Find Writing Gems when You Mine the Hard Times in Life

by Edie Melson @EdieMelson

We all want what we write to matter—to touch hearts, change lives, challenge the status quo. 

To that end we search high and low for the words that connect us to our readers.

But what if the gems we’re searching for aren’t hidden in distant places, but instead are buried deep within our own experiences?

Today I’m going to give you the clues to finding those precious nuggets hidden in plain sight. If you’ll bear with me, I’d like to follow this mining metaphor to its ultimate end and show you how to mine your own experiences to make your writing richer.

Tools of the Mining Trade
Miners of old wielded heavy pick axes and bulky shovels. They built sluice boxes and patiently plied the gold pans looking for nuggets. This was necessary because the treasure was often buried under hard rock and hidden in amongst worthless mud.

We face many of the same obstacles when we mine our own experiences. We must dig, not under tons of rock, but beneath rock-hard walls we’ve erected between us and the things in our past that have been painful. We also find that those gems closer to the surface aren’t obvious, but hidden in plain sight beside everyday occurrences. They’re camouflaged to look worthless but are gems of inspiration.

Work Clothes of a Miner
Miners—then and now—are often easy to spot because of their attire. From the metal hard hats, with attached lights, to the tips of their steel-toed boots, everything about them is geared to plying their trade.

We too, often need a hard hat of sorts. Our minds often shrink away from remembering past experiences like a miner needs protection from a rain of stones. Our feet must be shod in a foundation of who we are, protected while we go mucking about the dangerous mine shafts of yesterday. Even the good memories can be dangerous, deceiving us and seducing us into what-might-have-been.

The light we need is the focus of what we’re searching for—the point of our writing. No matter whether we’re looking to expose truth, share hope or something else entirely, we must stay true to our path. It can mean death to wander into a side-tunnel and get lost forever.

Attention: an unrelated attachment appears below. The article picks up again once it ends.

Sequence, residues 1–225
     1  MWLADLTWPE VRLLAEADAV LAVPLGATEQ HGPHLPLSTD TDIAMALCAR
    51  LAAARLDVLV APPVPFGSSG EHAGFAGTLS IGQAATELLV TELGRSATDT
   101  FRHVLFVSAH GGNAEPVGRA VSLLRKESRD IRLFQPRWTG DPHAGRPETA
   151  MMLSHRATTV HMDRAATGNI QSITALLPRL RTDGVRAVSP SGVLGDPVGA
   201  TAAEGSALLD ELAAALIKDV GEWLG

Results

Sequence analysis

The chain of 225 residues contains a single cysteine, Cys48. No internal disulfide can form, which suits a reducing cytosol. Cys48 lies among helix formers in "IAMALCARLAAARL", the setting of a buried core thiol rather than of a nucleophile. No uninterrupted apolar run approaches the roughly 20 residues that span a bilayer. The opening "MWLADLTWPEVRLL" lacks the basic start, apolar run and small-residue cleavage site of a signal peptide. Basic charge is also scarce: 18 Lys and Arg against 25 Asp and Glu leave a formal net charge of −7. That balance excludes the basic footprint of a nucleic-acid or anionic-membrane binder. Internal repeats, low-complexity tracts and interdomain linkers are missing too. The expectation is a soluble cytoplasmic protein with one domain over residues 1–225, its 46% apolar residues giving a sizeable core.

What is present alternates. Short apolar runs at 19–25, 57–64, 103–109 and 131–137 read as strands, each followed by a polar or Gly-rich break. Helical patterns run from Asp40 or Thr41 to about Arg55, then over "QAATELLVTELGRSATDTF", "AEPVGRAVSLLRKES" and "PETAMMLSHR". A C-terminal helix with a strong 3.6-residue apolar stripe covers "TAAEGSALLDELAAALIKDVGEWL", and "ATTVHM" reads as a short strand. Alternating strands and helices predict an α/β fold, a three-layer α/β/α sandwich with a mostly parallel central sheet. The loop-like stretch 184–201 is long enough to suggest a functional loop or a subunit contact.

Digging out the Treasure
Now that we’re equipped, let’s start the search. Join me in examining our circumstances. Each of us is in a unique place. It’s a convergence of time and space, but even more it’s comprised of people and experiences. Don’t waste what God has put inside you or where He has placed you. Illustrate the things you write with what colors your life.

Many of you already do this. How have your own experiences led you to valuable insights you’re able to share through your writing? Be sure to leave your thoughts in the comments section below.

Edie Melson—author, blogger, speaker—has written numerous books, including her most recent fiction – Alone, and nonfiction – While My Child is Away. She’s also the military family blogger at Guideposts.org. Her popular blog, The Write Conversation, reaches thousands each month and has just been named as one of the 2017 Writer’s Digest Top 101 Websites for Writers. She’s the director of the Blue Ridge Mountains Christian Writers Conference and the Vice President of the Advanced Writers and Speakers Association, as well as the Social Media Director for Southern Writers Magazine.

Please note: I reserve the right to delete comments that are offensive or off-topic.

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